Rob Sequin | Havana Journal
Anyone with a casual interest in Cuba knows by now that a serious economic transition has begun in Cuba under the direction of Raul Castro.
Juan Tamayo of the Miami Herald sums the Cuban economic reforms this way…
Cuba’s food rationing card will be eliminated. Private economic activity and foreign investments will be allowed to expand, and the government will reduce controls of agriculture and state enterprises. But communist-styled centralized planning, and not capitalist market forces, will guide the future of Cuba where “only socialism is capable of preserving the gains of the revolution.”
>>> Cuba should expand “new forms of non-state enterprise” such as self-employment, cooperatives, leases of public lands to private farmers and rents of state-owned shops, such as bakeries, to their employees.
>>> The new private enterprises should have access to government-run wholesalers, where they can buy supplies at moderate prices, and to bank credits so they can grow their businesses.
>>> The government should scale back its “current burden of controls” on state enterprises to allow them to become more efficient, but shut down those that don’t improve sufficiently.
>>> Income and other taxes and fees should rise according to revenue and will be expanded “to help ameliorate inequalities among the citizens.”
>>> Tourism will be increased through foreign investments in golf resorts and marinas and housing developments surrounding them.
>>> The government should unify the two official currencies, the peso and the CUC.
>>> The food ration card should be slowly eliminated to reduce government subsidies.
While The Economist has a great article about the potential of small business in Cuba.
The economic reforms are not just about small business and big government. CubaStandard.com writes about foreign investment in Cuba and how golf courses, resorts and marinas are coming off the drawing boards since Cuba has now allowed land leases for up to 99 years.
US based businessmen are also finding that these Cuban economic reforms are for real this time. Jay Brickman of Crowley shipping and Dr. Tim Ashby will be on a panel of Cuba experts at the Caribbean Central America Action conference in Miami in December where they expect the topic to focus on the current economic changes in Cuba.
Add all this into the announcement that there will be a Communist Party Congress in April. This will be the first one in 14 years. How does a country operate without having a big picture meeting like this for 14 years? Poorly I think is the correct answer.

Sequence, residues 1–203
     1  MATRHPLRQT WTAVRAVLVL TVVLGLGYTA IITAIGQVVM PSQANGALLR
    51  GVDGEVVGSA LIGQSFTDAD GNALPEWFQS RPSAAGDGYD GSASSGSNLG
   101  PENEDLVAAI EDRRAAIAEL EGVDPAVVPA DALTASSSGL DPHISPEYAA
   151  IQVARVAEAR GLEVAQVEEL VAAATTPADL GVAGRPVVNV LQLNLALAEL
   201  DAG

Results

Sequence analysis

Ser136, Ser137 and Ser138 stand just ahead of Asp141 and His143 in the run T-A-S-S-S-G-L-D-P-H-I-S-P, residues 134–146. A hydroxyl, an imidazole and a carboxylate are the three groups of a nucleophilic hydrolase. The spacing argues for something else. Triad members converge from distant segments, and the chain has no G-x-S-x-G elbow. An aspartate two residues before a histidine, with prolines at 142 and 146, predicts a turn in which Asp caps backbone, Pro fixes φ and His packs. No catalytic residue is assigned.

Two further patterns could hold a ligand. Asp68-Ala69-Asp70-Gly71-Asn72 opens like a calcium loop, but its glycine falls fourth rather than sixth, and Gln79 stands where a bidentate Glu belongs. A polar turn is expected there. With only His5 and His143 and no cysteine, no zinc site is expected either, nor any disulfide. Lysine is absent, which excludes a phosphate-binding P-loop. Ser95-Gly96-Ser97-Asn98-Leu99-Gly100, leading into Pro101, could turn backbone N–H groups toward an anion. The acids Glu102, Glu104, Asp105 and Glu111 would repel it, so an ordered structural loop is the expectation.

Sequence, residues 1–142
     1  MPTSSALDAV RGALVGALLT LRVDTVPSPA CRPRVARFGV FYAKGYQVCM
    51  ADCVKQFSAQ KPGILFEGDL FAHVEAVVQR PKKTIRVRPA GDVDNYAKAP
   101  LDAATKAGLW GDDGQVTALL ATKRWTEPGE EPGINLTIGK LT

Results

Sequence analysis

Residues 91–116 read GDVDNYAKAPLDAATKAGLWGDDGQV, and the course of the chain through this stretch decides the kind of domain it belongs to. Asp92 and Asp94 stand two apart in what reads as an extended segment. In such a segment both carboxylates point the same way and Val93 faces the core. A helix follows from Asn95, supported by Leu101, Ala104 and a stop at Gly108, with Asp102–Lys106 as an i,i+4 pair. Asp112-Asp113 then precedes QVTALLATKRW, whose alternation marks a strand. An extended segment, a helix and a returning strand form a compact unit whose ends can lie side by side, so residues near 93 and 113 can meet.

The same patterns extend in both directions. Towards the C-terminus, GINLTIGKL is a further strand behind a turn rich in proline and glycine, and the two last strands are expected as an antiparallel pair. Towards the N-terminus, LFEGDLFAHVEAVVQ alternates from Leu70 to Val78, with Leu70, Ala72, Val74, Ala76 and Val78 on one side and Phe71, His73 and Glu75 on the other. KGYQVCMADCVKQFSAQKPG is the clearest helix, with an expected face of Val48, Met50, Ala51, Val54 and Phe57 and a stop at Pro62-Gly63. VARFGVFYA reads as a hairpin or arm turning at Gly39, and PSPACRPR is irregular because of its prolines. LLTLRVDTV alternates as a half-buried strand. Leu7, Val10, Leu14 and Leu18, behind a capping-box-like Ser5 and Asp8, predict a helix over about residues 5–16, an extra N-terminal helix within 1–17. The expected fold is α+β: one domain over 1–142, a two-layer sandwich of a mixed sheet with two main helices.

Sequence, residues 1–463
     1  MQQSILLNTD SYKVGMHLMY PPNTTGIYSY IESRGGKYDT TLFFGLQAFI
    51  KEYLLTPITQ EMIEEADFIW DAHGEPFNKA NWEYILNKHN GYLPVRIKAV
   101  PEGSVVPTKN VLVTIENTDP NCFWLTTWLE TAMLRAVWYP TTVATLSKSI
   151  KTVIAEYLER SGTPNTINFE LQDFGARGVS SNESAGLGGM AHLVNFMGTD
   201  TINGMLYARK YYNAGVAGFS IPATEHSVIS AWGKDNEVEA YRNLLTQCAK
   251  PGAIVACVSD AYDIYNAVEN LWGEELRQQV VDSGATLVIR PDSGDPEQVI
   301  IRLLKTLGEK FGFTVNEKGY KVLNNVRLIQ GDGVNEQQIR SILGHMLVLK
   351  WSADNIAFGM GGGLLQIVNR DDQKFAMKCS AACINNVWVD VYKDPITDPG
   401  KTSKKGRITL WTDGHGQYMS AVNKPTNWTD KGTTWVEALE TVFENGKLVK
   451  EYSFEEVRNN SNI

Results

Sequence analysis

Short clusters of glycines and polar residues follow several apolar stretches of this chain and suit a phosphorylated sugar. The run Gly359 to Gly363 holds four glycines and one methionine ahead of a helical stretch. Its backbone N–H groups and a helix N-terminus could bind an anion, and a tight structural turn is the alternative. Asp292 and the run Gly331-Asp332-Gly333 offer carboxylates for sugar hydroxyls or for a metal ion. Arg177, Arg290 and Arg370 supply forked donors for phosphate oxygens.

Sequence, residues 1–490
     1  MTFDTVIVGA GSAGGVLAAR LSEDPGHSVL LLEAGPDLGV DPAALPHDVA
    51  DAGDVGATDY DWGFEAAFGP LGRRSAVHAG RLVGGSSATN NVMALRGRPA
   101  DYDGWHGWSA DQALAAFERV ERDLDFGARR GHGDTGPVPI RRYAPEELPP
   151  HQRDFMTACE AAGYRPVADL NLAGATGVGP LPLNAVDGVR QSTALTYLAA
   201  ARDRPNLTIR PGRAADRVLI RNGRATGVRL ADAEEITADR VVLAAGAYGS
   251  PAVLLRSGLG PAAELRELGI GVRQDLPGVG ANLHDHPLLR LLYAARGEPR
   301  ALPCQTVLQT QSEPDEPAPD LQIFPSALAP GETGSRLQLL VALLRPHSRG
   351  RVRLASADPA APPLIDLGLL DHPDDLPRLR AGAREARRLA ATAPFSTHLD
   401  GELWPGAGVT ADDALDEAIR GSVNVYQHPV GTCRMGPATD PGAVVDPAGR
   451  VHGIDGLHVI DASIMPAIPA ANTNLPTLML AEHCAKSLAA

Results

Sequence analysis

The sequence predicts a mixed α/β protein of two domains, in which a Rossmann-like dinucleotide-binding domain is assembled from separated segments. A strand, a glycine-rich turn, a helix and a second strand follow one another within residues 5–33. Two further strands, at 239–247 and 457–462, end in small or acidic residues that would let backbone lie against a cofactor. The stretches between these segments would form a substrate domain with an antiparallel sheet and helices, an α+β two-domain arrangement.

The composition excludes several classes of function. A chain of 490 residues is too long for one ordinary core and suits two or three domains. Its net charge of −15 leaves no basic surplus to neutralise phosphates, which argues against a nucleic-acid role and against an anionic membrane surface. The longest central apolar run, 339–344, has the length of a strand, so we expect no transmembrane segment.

What about Fidel?
What about him? Well, this pervasive economic transition would certainly not be allowed if Fidel Castro was still in charge but apparently he is not getting involved other than to be a “soldier of ideas”. He has only been seen to give short, periodic speeches that are about world issues with no mention of current or near term strategy or action.
There is even speculation now that he may step down as Communist Party leader. So, I think one can safely assume that Fidel is agreeing with Raul’s movement on Cuba future.
What about Obama?
What about him? John McAuliff writes the article for the Huffington Post, Cuba Symbolizes Failure of Obama Administration where he says regarding Obama and the new Republican Congress… “One thing the election did achieve is to make it clear that the White House after January 1 is on its own to set US relations with Cuba on a rational course. There will be little help from the Congress.”
So, will President Obama have the courage to let the American people travel to Cuba or will he fail into the same trap as his ten predecessors and wrongfully believe that “now is not the time” to let American citizens travel to Cuba?
Interesting that Michelle Obama will be in Little Havana on Monday at an elementary school as part of her Let’s Move! initiative. Perhaps this would be a good time to announce people to people travel to Cuba opportunities for all Americans?